Saturday, December 05, 2009

Ray Mears, Northern Wilderness

I've been aware of Ray Mears for a while now, having heard of him described as Britain's version of Les Stroud, Survivorman. However, I'd never seen any of his videos and after having seen the abomination that is Bear Grylls, another person that gets compared to Stroud, I really didn't care to look much further. However, the Ray Mears documentaries for the BBC were recently recommended to me, and it was mentioned that an episode was filmed in nearby Prince Albert National Park. Well, today I found that video on YouTube (in 6 parts), which I believe is the first in a series.

I am embedding the video here, but if you have the bandwidth, watch it full screen in the highest quality. The full video is about 60 minutes long, but is broken up into 10 minutes segments for YouTube. To see all of the video clips in order, go to the playlist found here. The clips played automatically for me, one after another in order. The production and videography is excellent. The interest, information, and entertainment value are also very high, in my opinion. The focus, at least in this first episode, is not so much on skills or wilderness techniques described, but on the ecology of the boreal forest.

I watched the "Forgotten Forest" episode this afternoon (somewhat accidentally - I didn't mean to watch the whole thing). This evening I watched it again with my wife, at least the 2/3 until she fell asleep, it being past her bedtime. The Forgotten Forest episode was filmed in Prince Albert National Park (PANP), my familiar trekking and paddling grounds. I was able to recognise some of the places shown in the film, just this summer swimming and playing on the beach where he had the small fire with the jack pine cones in the film (I'm about 70% certain on his location). It is great that the park was shown in fall and winter, the seasons I like best in the park. I've been to Grey Owl's cabin on Ajawaan Lake about 6 or 7 times, by foot, snowshoe, canoe & kayak. This summer I brought my kids up to the cabin. It was also very interesting to see him putting into practice the use of the Black River sled, the Snowtrekker tent, and small wood stove. Also, the jacket Mears is wearing is not a parka as it may first appear, but an uninsulated shell cotton anorak, much like that made by Empire Canvas Works. A cotton shell would be breathable, shed the snow, and not tear or burn as readily as gore-tex or synthetic material shells (which work poorly in freezing temperatures).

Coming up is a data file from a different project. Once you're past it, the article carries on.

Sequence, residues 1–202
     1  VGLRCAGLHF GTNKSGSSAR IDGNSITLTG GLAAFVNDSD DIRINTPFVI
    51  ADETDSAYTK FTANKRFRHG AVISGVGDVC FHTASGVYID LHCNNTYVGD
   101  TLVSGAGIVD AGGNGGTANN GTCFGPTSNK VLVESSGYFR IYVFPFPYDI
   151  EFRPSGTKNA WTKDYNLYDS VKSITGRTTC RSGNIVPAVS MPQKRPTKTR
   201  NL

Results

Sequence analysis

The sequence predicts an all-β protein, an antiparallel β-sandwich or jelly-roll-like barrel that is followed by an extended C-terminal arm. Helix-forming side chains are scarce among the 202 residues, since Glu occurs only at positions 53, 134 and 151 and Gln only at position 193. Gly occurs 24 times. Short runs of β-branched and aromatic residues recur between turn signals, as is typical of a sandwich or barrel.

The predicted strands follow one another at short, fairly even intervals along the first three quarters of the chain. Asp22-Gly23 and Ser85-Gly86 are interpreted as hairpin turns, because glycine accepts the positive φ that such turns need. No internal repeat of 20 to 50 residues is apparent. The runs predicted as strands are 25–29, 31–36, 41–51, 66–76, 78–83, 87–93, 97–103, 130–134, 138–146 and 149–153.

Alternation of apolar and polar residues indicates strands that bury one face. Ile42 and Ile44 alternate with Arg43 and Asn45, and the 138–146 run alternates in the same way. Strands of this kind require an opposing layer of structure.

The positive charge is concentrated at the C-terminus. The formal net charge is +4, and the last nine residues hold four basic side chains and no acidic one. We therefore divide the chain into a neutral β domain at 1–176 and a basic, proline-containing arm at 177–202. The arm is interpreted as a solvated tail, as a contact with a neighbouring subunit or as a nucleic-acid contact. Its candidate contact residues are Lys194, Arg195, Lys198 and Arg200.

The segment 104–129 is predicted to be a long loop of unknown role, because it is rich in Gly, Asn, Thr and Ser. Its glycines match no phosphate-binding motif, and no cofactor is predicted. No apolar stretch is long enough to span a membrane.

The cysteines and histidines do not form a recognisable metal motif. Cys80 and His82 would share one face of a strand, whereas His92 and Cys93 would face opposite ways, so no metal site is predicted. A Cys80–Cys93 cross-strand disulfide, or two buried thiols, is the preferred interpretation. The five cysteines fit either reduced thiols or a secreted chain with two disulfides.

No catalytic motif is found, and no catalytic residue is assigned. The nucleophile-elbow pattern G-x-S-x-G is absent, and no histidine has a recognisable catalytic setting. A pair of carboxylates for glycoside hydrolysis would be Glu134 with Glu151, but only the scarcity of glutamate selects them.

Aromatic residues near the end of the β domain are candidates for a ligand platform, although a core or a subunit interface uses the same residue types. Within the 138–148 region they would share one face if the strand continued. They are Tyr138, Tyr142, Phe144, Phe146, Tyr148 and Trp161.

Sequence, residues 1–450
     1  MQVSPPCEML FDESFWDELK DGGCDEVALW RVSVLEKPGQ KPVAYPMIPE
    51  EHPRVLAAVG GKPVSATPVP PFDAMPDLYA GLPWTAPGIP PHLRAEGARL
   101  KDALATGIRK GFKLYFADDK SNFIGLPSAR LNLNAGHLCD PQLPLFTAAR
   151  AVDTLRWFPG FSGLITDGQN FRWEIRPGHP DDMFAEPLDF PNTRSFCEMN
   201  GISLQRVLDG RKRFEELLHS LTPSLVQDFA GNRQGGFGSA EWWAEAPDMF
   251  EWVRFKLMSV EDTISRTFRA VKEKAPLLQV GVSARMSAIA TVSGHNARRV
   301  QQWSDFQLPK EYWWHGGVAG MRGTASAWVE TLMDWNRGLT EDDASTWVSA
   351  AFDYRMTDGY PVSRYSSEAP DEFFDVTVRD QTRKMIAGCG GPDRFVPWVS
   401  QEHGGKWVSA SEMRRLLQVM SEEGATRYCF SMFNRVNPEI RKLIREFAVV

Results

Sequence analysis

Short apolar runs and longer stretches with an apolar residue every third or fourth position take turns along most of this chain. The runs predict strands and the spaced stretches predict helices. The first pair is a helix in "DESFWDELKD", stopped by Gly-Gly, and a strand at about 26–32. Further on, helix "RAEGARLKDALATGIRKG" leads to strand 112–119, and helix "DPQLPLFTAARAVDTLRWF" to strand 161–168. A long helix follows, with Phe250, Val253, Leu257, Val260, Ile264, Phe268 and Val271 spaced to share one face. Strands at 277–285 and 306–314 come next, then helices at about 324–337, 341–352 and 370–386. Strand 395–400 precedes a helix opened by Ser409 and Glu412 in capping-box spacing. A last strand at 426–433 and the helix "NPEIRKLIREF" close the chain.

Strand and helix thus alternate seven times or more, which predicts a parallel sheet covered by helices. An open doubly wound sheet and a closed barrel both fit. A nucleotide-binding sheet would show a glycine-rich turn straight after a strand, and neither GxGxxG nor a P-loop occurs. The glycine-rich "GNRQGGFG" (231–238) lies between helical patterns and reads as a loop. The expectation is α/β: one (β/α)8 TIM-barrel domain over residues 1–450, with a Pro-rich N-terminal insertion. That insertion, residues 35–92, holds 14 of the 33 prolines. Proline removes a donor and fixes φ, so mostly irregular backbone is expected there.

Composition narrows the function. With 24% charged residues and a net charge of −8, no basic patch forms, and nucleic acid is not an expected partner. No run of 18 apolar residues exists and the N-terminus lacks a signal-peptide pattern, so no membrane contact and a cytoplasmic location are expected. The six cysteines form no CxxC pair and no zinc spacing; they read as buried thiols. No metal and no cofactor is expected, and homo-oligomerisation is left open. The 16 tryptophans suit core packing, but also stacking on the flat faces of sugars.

It's interesting to learn a few more things about my own back yard from a Brit. Ray Mears conveys a great deal of respect and a sense of awe towards something that most folks around here take very much for granted.

The ecologist that is featured during this episode is J. David Henry. His cold-weather clothing looks like something from a MEC catalogue, circa 1986, but obviously it's still working for him after 20+ years. (As an aside, I wonder how much of their current product line will still be in use after another 20 or more years?) His mitts look very much like my MEC over-mitts, but in flashier colours. Henry co-authored a chapter in the book Endangered Spaces titled "Misunderstanding the Prairies." The biography of Henry in my copy of the book, published in 1989, describes Henry as a biology professor in Regina and as a key player in the revision of the National Parks Act and the establishment of Grasslands National Park.

The woman teaching the birch bark biting was Sally Milne a Cree elder from La Ronge. You can find out more about her here: